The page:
Project is'Old School'

CORVALLIS — Inside the "Old School" at the Children's Farm Home, the floors are torn up, the walls have holes in them, and light fixtures without bulbs dangle from the ceiling.

This is what renovation looks like when the goal is to keep the building as close to its original state as possible.

More than 40 people showed up on a recent afternoon to tour the building, the interior of which is starting to undergo extensive renovations.

The project started about two and a half years ago; most of the work so far has been on the exterior.

"My guess is we'll be pretty well moved in a year from today," said principal architect Bill Ryals of MOA Architecture.

When finished, the flagship building that faces Highway 20 will house a museum, cafe and gift shop staffed by volunteers, as well as a family center for clients.

It will also be a marriage of past and present.

"The project was born out of a desire to save this building," Ryals said.

The building was constructed in 1925 and was operated as an orphanage by the Women's Christian Temperance Union. It was listed on the National Register of Historic Places in 2008.

The campus is now owned and operated by Trillium Family Services to care for children with mental and behavioral disorders.

The basement was used for years as the Halloween haunted house. The space, which still bears spray-paint decorations and traces of cobwebs hung from the ceilings, is the perfect setting: All of the windows were boarded up.

"You can't imagine how grim it was down here," Ryals said.

About a month ago, when the windows were installed, Trillium directors decided the space would actually be perfect for a family center. Since then, Ryals said they've been "scrambling" to bring the plans in line with the intended use.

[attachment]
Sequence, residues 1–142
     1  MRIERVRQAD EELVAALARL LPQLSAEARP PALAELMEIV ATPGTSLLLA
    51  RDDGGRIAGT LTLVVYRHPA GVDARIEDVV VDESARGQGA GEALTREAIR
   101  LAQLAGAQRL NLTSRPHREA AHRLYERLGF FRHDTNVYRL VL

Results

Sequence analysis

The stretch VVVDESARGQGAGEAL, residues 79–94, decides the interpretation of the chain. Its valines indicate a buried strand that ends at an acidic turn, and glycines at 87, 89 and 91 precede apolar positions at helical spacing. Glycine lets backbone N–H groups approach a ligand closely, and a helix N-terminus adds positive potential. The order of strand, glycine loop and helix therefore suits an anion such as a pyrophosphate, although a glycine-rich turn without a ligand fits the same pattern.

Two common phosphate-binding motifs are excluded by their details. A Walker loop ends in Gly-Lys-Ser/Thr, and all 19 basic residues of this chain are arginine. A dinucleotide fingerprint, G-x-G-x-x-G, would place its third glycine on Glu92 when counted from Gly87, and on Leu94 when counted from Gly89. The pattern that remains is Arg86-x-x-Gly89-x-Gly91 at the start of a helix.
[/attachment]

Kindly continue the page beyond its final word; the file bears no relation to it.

But Ryals is pleased with the decision.

"I'm really overjoyed because it brings the building back to its original purpose in many ways," he said.

Some original features will not have a place in the updated facility. The blackboards painted with lead paint won't be re-installed, for instance.

But some things will be maintained exactly. Soap dispensers found in several of the rooms will stay. Outfitted with a hand crank, the contraptions exactly fitted over a piece of soap. Slivers of soap were ground off the bar when the handle was turned.

Outside, many students scrawled their names onto the building's brick walls while waiting to see the principal. The writings — graffiti of yesteryear — will remain.

The recent tour, held as part of Historic Preservation Month, included four alumni of the Children's Farm Home. One of them was Bob Henry, 71.

Henry came down from the Portland area to visit the old school. Henry lived at the Children's Farm Home from 1949 through 1957, when he graduated from Corvallis High School. He also worked at the campus as a counselor and maintenance man.

Henry has been back to the campus for reunions, but said he hadn't been in the old school since 1957.

"I loved it," he said of the tour.

The building did feel different without the gym. Once the center of social and school life for many, the gym is no longer standing.

Henry played basketball on the school team, which won championships competing in an Albany church league.

"We even came here when we shouldn't have," he said of the gym, showing a scar he had from when he pried open the door one night to sneak in a game of basketball.

"This has been a great place in my life and in my memory," he said.

The personal connections are just as important to Ryals as the original windows and boards.

"It's not just the building," Ryals said, "it's the stories."

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